New threats to human security in the Anthropocene: Demanding greater solidarity
New Report by UNDP | Published in February 2022
COVID-19 has deepened pre-existing vulnerabilities, while unmasking new and interlinked threats to human security. This new UNDP report explores human security in relation to rapid urbanization, digitalization, violent conflict, horizontal inequalities, and evolving challenges to healthcare systems, while presenting a way forward to build resilience against today’s interconnected threats.
Covid-19 has affected everyone, imperiling every dimension of our well-being and injecting an acute sense of fear across the globe. It is not hard to understand how Covid-19 has led people to feel more insecure but fears were growing pre-pandemic. While the world was reaching unprecedented levels of the Human Development Index (HDI); an estimated 6 out of 7 people globally felt insecure in the years leading to the pandemic.
And this feeling of insecurity was not only high—it had been growing in most countries with data, including a surge in some countries with the highest HDI values. For the first time, indicators of human development have declined—and drastically. In 2021, even with the availability of very unequally distributed Covid-19 vaccines, the economic recovery that started in many countries and the partial return to schools, the crisis deepened in health, with a drop in life expectancy at birth. And the HDI, adjusted for Covid-19, had yet to recover about five years of progress, according to new simulations.
It is not hard to understand how Covid-19 has made people feel more insecure. But what accounts for the startling split between improvements in wellbeing achievements and declines in people’s perception of security? That is the motivating question for this Report. In addressing it, we hope to avoid returning to pathways of human development with human insecurity.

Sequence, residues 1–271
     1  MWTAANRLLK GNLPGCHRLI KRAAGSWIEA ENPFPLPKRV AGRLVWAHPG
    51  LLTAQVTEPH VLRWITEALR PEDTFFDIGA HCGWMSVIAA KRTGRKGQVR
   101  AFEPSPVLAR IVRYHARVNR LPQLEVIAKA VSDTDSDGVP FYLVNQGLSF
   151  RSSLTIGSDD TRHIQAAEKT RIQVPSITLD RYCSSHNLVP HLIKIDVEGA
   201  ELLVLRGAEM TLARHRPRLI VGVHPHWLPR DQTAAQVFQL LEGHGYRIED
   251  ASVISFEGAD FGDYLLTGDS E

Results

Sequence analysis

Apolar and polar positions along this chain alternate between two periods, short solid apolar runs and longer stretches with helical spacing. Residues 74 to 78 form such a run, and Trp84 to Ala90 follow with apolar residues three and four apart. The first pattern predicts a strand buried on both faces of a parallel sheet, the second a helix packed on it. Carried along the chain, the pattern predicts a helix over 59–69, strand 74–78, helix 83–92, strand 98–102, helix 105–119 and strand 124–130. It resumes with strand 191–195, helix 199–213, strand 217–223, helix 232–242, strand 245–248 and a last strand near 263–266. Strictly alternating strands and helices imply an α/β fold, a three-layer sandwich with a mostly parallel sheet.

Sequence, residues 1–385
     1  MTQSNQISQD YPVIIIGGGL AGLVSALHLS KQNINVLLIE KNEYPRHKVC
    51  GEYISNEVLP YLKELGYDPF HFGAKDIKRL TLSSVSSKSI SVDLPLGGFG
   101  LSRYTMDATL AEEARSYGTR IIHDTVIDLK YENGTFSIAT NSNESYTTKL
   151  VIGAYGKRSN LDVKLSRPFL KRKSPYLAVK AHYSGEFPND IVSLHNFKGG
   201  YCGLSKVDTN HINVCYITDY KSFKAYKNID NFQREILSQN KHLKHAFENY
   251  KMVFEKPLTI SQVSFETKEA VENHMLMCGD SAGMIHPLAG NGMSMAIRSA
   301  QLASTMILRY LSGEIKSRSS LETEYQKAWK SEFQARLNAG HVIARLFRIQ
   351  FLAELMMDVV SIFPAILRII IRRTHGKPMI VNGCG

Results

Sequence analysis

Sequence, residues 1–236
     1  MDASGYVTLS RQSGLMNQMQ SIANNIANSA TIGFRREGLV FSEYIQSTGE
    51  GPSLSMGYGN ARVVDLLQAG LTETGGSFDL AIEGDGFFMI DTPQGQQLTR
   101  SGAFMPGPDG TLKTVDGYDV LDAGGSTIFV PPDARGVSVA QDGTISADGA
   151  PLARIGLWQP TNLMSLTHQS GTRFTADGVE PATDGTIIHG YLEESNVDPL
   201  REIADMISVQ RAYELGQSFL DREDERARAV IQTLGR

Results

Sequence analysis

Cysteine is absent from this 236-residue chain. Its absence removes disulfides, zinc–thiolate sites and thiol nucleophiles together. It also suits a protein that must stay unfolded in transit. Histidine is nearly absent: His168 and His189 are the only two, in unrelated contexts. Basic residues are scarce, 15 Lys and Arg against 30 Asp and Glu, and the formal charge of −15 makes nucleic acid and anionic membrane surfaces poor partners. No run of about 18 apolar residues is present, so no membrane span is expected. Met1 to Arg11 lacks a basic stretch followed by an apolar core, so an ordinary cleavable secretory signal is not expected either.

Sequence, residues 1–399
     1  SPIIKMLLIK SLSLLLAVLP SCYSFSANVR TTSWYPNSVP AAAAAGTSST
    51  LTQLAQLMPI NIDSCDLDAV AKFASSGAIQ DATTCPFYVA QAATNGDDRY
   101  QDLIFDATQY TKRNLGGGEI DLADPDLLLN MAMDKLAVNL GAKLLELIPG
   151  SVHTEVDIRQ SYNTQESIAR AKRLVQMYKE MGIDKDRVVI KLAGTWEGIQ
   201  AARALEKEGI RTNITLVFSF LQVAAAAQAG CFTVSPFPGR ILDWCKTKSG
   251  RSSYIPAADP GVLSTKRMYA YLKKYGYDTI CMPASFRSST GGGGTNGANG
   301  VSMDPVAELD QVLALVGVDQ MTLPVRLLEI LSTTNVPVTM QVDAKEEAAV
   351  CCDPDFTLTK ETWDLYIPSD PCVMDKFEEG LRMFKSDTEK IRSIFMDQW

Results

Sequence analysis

Behind this development-security disconnect looms the Anthropocene context. Development approaches with a strong focus on economic growth over equitable human development have led to stark and growing inequalities and destabilized processes at the planetary scale. Our pursuit of development has neglected our embeddedness in nature, leading to new threats as a byproduct of development: worsening health, increased food insecurity, and more frequent disasters. Climate change alone—beyond the effect of pollution or zoonotic diseases—is expected to have significant effects on mortality. By 2100, the number of estimated deaths associated with climate change (in a scenario with very high GHG emissions) could be comparable to some of the leading deaths causes today.
The Report revisits the human security concept to understand what it implies for the Anthropocene context. It explores how the new generation of interacting threats, playing out in the new context of the Anthropocene: the downsides of digital technology, violent conflict, horizontal inequalities, and evolving challenges to healthcare systems. It is the interconnected nature of these threats, which calls for a new approach that goes beyond tackling them individually when designing or evaluating policy.
Solidarity recognizes that human security in the Anthropocene must now go beyond securing individuals and their communities; to consider systematically the interdependence across people and between people and the planet. It is protection, empowerment and solidarity working together that advances human security in the Anthropocene context.
Alarmingly, the Report also finds that perceptions of human insecurity are associated with low interpersonal trust, independently of one’s financial situation.
In addressing human insecurity how do we attend to the conditions of trust—across people, between people and institutions, across countries?
This Report takes the view that agency lies at the core of an expanded human security framework. Agency reminds us that wellbeing achievements alone are not all we should consider when evaluating policies or assessing progress. Agency will also help avoid the pitfalls of partial solutions, such as delivering protection with no attention to disempowerment or committing to solidarity while leaving some lacking protection.
Access the full report here or download the attached PDF.